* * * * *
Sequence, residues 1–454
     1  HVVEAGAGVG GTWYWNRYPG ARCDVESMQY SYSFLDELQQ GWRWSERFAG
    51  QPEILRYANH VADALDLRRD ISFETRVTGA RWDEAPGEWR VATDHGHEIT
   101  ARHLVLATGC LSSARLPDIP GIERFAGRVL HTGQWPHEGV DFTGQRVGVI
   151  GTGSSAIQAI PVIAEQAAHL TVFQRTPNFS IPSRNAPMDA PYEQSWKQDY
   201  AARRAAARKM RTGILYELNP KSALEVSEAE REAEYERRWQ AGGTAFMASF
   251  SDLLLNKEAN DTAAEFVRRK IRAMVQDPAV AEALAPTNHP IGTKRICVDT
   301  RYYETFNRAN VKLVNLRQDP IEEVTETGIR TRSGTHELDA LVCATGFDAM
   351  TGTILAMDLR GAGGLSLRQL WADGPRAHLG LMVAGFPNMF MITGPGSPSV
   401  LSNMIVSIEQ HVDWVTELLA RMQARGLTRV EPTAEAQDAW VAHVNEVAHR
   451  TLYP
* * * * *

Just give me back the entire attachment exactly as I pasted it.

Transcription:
Sequence, residues 1–454
     1  HVVEAGAGVG GTWYWNRYPG ARCDVESMQY SYSFLDELQQ GWRWSERFAG
    51  QPEILRYANH VADALDLRRD ISFETRVTGA RWDEAPGEWR VATDHGHEIT
   101  ARHLVLATGC LSSARLPDIP GIERFAGRVL HTGQWPHEGV DFTGQRVGVI
   151  GTGSSAIQAI PVIAEQAAHL TVFQRTPNFS IPSRNAPMDA PYEQSWKQDY
   201  AARRAAARKM RTGILYELNP KSALEVSEAE REAEYERRWQ AGGTAFMASF
   251  SDLLLNKEAN DTAAEFVRRK IRAMVQDPAV AEALAPTNHP IGTKRICVDT
   301  RYYETFNRAN VKLVNLRQDP IEEVTETGIR TRSGTHELDA LVCATGFDAM
   351  TGTILAMDLR GAGGLSLRQL WADGPRAHLG LMVAGFPNMF MITGPGSPSV
   401  LSNMIVSIEQ HVDWVTELLA RMQARGLTRV EPTAEAQDAW VAHVNEVAHR
   451  TLYP